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I am developing a system, where I need virtual interface to have different mac address for my primary and virtual interface

lets say my mac for eth0 is 00:11:00:11:00:11 and my virtual interface is eth0:0

by default eth0:0 have mac address 00:11:00:11:00:11

If I give the command

ifconfig eth0:0 hw ether 11:22:33:44:55:66

then mac address of eth0 also becomes 11:22:33:44:55:66

and vice versa

but I want different mac for both the interface

Thank you in advance

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The interface only has one MAC - working as designed. Can you clarify why that's a requirement? What root problem are you trying to solve? –  Shane Madden Apr 25 '12 at 21:58

2 Answers 2

up vote 1 down vote accepted

Physical interfaces have one hardware address per physical interface. This helps make sure that the correct packet makes it back to the correct physical port.

If you absolutely need this type of functionality you might look into this:

http://www.primianotucci.com/default.php?view=57

And their SourceForge page: http://sourceforge.net/projects/multimac/

Not sure why you need multiple hardware addresses, but multiple IP addresses per physical interface is typically what virtual interfaces are used for.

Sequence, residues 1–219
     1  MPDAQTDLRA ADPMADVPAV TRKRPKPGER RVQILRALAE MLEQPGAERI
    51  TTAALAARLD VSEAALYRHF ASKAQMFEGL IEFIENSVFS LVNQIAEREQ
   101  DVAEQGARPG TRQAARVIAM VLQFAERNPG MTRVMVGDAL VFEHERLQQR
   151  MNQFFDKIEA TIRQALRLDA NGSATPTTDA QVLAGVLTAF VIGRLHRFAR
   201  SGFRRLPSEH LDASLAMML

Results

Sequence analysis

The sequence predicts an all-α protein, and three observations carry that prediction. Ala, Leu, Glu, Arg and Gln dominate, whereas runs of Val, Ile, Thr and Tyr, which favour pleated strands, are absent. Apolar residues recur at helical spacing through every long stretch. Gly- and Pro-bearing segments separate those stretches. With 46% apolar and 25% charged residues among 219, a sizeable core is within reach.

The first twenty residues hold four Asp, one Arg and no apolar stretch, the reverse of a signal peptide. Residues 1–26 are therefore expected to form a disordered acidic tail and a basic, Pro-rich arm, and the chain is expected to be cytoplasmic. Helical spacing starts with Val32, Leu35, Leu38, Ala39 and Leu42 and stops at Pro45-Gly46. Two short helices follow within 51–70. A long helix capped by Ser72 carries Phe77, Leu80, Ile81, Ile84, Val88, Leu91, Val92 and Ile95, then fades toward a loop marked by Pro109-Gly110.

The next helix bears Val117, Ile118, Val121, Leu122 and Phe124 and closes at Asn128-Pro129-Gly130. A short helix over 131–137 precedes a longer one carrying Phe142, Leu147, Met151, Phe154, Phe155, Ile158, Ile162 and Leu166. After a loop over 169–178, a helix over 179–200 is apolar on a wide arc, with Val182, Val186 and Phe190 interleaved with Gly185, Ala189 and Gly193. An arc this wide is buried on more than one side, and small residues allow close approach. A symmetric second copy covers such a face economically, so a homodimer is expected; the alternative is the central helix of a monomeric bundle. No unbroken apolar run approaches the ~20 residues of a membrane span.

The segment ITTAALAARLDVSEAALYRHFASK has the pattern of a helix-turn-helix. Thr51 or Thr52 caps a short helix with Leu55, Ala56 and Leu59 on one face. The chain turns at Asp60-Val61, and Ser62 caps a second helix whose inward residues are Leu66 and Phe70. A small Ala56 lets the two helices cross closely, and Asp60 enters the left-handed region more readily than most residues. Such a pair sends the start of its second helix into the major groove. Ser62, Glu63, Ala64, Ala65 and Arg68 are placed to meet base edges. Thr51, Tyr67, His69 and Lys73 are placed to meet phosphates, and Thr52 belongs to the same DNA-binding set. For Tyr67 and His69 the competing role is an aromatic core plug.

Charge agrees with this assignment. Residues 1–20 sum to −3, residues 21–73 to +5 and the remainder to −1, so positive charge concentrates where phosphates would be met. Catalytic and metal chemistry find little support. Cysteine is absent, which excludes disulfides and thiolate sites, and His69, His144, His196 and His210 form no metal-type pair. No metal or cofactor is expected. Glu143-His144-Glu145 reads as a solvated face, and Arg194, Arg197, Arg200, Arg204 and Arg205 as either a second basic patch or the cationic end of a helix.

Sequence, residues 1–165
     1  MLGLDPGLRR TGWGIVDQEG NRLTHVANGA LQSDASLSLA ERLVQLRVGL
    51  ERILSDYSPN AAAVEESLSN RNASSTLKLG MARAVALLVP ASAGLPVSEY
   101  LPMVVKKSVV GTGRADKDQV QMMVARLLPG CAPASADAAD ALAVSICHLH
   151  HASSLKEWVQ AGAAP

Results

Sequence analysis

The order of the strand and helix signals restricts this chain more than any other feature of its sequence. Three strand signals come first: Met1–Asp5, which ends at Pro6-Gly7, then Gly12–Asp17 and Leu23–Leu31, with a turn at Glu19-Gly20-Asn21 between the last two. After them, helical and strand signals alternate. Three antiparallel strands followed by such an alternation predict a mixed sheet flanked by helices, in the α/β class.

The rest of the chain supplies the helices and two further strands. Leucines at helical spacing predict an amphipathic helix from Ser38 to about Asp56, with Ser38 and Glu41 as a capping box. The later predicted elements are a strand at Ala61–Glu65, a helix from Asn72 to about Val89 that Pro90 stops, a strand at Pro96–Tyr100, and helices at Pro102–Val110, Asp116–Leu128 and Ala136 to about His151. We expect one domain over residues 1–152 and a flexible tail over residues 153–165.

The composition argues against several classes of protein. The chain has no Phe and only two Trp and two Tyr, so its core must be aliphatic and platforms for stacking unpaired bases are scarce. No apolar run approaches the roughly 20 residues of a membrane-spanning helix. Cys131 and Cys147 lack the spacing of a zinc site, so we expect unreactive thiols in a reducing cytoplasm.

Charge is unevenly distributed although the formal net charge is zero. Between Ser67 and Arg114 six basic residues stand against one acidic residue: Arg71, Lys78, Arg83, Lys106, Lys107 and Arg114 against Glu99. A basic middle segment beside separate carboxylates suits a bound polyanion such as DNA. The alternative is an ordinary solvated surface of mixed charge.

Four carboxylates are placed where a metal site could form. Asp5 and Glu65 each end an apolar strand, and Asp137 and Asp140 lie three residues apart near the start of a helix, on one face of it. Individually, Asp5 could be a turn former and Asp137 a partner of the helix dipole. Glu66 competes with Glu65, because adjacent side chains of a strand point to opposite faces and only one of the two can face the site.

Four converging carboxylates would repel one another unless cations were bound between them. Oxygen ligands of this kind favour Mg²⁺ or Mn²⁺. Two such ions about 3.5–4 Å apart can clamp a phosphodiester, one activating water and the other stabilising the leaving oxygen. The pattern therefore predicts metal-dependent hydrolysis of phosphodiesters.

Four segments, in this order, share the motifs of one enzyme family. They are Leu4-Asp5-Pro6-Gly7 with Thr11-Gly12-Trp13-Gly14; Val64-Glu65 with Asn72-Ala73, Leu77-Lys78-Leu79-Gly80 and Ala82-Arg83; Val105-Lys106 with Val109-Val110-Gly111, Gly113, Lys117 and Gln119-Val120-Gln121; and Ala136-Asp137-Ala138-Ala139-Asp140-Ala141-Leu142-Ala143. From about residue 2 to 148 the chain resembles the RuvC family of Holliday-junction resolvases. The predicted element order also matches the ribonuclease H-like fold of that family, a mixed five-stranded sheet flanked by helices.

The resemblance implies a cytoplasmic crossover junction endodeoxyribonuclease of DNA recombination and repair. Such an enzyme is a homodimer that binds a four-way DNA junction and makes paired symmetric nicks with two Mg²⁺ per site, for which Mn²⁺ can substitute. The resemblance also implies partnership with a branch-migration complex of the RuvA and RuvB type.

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The case I can think of is implementing proper VRRP? –  Shane Madden Apr 25 '12 at 22:26
    
@ShaneMadden : You can tell I haven't drilled too deeply into some areas of networking. :D –  Justin Pearce Apr 25 '12 at 22:31
    
Haha, fair enough. VRRP is an interesting edge case - the spec calls for virtual MAC addresses to be used in concert with the real MAC address of the interface. However, it's not possible in Linux - so the VRRP implementations ignore that part of the spec and keep the interface using one MAC address at a time (which is changed in a failover). –  Shane Madden Apr 26 '12 at 0:11
    
Hey, I may not able to use multimac as the routers are not supporting that.. can you people tell me more about VRRP?? any tutorials for that in debian/ubuntu –  sanketmlad Apr 26 '12 at 15:51

You can find some research at: http://searchnetworking.techtarget.com/definition/VRRP and http://www.techopedia.com/definition/13483/virtual-router-redundancy-protocol-vrrp

What you describe is a network system involving a virtual router, so this requires a master (physical) router, LAN, and IP that feeds a network of (virtual) routers with associated IP's.

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